Real-life quidditch is the queerest sport of all – and is ready to forget about you-know-who

A real game of quidditch - here are four players with sticks between their legs (like broomsticks), one is jumping while throwing a ball into a hoop

Real-life quidditch – the sport that sprung from JK Rowling’s Harry Potter books – has long championed LGBT+ inclusion. Now, its community is queerer than ever.

To this day, the list of team sports that are mixed gender, acknowledge trans and non-binary identities and actively encourage people to play as who they are is short – and quidditch is right at the top.

The full-contact sport, which players often describe as a mixture of rugby, dodgeball and European handball, doesn’t share a lot of ground with its Harry Potter origins anymore.

Players still use brooms as handicaps and use some of the original vocabulary, but much has been changed to make it an independent sport.

Still, the inclusivity of the sport has stayed the same across the 17 years of its existence. The rulebook clearly states that quidditch embraces players of all genders and sexualities, and trans athletes aren’t just included – they’re empowered to play as their full selves.

Four quidditch players in a heap on the ground

Quidditch has a huge queer following. (Quidditch UK)

A look at the demographic of quidditch players in the UK showcases the massive impact this has: 11.7 per cent of players identify as trans – compared to an estimated 1.0 to 1.3 per cent in the general population. The numbers regarding sexual and romantic preference are similarly impressive, with around 55 per cent of players identifying as something other than heterosexual – again compared to 1.5 to 2.5 per cent in the general population.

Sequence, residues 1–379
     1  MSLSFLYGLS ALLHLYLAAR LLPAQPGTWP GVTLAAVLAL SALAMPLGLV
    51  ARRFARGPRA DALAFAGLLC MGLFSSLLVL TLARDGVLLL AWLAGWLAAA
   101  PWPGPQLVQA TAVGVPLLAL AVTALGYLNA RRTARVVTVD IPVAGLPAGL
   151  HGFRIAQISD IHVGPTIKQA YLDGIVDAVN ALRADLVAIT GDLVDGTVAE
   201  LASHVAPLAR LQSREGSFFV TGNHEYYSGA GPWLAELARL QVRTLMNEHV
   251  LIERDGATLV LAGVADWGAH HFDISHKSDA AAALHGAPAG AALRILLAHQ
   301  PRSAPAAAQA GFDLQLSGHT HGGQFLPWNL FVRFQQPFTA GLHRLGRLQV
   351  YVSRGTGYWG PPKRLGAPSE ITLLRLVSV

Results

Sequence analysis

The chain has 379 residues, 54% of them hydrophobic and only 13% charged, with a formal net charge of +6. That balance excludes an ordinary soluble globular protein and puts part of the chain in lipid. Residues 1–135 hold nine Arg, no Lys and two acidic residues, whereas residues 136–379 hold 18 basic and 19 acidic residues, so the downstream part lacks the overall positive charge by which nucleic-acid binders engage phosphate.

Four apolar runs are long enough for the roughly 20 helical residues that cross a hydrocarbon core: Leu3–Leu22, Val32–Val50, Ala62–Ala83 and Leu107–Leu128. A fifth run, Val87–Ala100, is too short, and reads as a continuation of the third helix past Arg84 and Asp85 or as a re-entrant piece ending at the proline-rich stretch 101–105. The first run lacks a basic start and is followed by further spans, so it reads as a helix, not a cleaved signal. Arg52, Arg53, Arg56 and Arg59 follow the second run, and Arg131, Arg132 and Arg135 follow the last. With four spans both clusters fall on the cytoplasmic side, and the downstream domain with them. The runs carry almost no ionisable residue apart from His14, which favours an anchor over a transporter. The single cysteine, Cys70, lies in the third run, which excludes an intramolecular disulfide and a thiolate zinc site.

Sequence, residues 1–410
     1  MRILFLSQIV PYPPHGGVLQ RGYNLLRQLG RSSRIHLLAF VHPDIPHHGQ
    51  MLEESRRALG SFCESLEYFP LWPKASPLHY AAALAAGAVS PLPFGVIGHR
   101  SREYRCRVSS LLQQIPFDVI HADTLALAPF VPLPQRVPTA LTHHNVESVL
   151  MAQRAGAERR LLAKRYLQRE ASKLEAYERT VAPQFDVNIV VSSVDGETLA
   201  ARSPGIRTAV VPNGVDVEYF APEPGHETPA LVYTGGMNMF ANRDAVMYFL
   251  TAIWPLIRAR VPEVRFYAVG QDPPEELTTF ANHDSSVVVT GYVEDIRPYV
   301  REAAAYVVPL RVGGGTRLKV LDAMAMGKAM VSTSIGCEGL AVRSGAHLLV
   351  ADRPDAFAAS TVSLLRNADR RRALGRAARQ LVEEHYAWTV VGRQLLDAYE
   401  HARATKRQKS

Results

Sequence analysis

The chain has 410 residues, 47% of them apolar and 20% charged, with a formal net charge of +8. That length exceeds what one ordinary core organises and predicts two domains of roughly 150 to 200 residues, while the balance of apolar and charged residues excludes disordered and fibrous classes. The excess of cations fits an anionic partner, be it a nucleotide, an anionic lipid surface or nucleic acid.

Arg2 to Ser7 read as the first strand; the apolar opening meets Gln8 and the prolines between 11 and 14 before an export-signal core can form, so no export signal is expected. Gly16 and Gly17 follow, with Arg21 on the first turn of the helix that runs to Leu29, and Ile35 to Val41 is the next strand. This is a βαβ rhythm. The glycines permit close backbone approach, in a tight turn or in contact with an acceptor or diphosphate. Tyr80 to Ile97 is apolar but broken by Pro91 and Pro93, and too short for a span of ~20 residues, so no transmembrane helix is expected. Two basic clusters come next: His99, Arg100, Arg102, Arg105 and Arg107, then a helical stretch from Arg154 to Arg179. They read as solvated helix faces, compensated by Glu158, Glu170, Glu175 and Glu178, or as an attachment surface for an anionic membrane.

Because no one knows quidditch and the reasons for playing it better, PinkNews sat down with LGBT+ players from the teams in Edinburgh and Glasgow to talk about the sport, what it means to them and how they deal with the legacy of JK Rowling (spoiler: it’s tough).

All of them find it easy to pinpoint what drove them to quidditch: The traditional team sport system that failed them. 

“When I was 18 years old, I was made to play rugby with the 12-year-old boys so that I ‘wouldn’t get hurt’,” said Hannah who leads Edinburgh’s university team, the Holyrood Hippogriffs. 

The Holyrood Hippogriffs posing for a team picture in front of three hoops. There are 16 players - one holding a ball, others lying on the ground, two are sticking their tongues out

The Holyrood Hippogriffs quidditch team. (Jandels)

For her, quidditch is the exact opposite: “A sport where I get to tackle grown men and pin them to the ground. Honestly, that’s why I play quidditch.”

Hugo discovered the sport in 2019. 

“After secondary school I started transitioning, but going into men’s team sports is difficult,” Hugo said. “I did try playing men’s hockey in university, went to a few sessions and felt very uncomfortable and out of place. I then tried quidditch and it’s just way more relaxed and inclusive.”

There’s more than one reason PE and traditional sports don’t work for many queer people – whether it’s the rampant sexism, ableism, queerphobia and transphobia, or something else.

The first people I came out to were my quidditch friends.

“I’m autistic, so I had significant issues with PE. I was never comfortable,” said Rachel, who plays for the Glasgow Grim Reapers. Now in quidditch, she feels much more looked out for.

Several players we spoke to only discovered their LGBT+ identity after starting to play quidditch, and many cite the sport as a space where they felt safe to explore themselves.